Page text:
The **Logical Reasoning** section includes a set of questions that require the use of Venn Diagrams. Mathematically, Venn Diagrams are essentially are a way to represent sets and perform set operations. In simpler terms, a Venn diagram uses overlapping circles to organize things and highlight how the things are similar or different. Venn diagrams help to visualise the given data clearly and derive the right conclusions from it. A simple example of a Venn diagram is given below:

- All cats are dogs

Socrates is a cat

The conclusion derived from looking at the Venn diagram is that since all cats are dogs and Socrates is a cat, therefore, Socrates is a dog. The Venn diagram depict each item in the statement and highlight the relationship between them, thus, making the job of decoding the conclusion simpler.

**1. How to solve Venn Diagram?**

Using Venn diagram is the most effective way to solve a lot of Statement-Conclusion questions as well as questions based on sets. It is important that you learn to identify the terms in the statement and the relationship between them, which can help you draw a Venn diagram and get to the conclusion.

- The idea is to capture the given information by using circles. Here, first draw a circle depicting the larger item. And then move inwards to represent the other terms. For instance, to draw a Venn diagram that best depicts the relation between Men, Fathers and Engineers, we would first identify the larger item in this statement, that is, Men, followed by fathers and engineers. Hence, the Venn diagram shall be:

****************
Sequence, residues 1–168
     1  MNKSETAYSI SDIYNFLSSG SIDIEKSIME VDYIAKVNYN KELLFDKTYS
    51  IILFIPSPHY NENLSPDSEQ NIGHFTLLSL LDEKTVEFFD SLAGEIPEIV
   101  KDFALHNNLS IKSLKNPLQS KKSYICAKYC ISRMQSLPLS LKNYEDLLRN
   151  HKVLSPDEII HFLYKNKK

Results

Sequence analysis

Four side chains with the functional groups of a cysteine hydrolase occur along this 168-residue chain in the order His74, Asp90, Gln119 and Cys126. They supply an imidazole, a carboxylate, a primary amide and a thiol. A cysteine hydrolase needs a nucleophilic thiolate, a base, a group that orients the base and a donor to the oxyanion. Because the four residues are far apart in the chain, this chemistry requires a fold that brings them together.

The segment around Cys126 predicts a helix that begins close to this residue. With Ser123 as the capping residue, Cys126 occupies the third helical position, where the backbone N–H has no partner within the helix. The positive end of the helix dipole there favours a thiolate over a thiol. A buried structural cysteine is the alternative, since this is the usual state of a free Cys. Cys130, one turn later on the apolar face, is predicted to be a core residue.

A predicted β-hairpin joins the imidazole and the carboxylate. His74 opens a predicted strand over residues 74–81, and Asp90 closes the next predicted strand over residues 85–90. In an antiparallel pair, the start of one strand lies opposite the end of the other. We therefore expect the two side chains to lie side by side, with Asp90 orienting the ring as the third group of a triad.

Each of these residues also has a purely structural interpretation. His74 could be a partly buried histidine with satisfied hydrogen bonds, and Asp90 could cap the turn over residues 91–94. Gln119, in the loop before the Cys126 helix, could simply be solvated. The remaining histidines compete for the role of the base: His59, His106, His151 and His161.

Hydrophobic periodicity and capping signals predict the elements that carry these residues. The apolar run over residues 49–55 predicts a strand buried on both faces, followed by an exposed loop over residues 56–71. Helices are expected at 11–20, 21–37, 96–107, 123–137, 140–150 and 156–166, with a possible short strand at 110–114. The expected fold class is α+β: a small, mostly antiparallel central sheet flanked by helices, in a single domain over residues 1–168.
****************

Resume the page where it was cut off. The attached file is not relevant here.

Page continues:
What the above Venn diagram tells us is that some men are fathers and some engineers. All fathers are men and some fathers are engineers. However, not all engineers are men.

- In case of particular statements that do not include the entire set, there will always be overlapping between the circles. For instance, Some taxis are cabbies. Some cabbies are Mercedes. Some taxis are Mercedes.

The Venn Diagram for this will be overlapping circles,

**2. Venn diagram and Syllogism**

Venn diagram is particularly useful to tackle Syllogisms.

- Letâ€™s consider some possibilities.

1. Some A's are B

Definite Conclusions

- Some A is B
- Some B is A

Possible Conclusions

- All Aâ€™s are B
- All Bâ€™s are A
- Some A are not B
- Some B are not A

2. All A's are B

Definite Conclusion

- All A is B
- Some A is B
- Some B is A

Possible Conclusions

- All Bâ€™s are A
- Some Bâ€™s are not A

3. No A is B

Definite Conclusion

- No A is B
- No B is A
- Some A is not B
- Some B is not A

4. Some A's are not B

Definite Conclusion

- Some Aâ€™s are not B

Possible Conclusion

- Except All Aâ€™s are B, all other possibilities follow

Keep in mind the following rules while using Venn diagram

- Draw the Venn diagram based on the statement given and the terms in the statement
- If the definite conclusion doesnâ€™t satisfy the Venn diagram, then there is no need to check the possible conclusions
- If the definite conclusion does satisfy the Venn diagram, then it must satisfy all possible conclusions

Venn Diagrams can make your task simpler and help you score well in LR.

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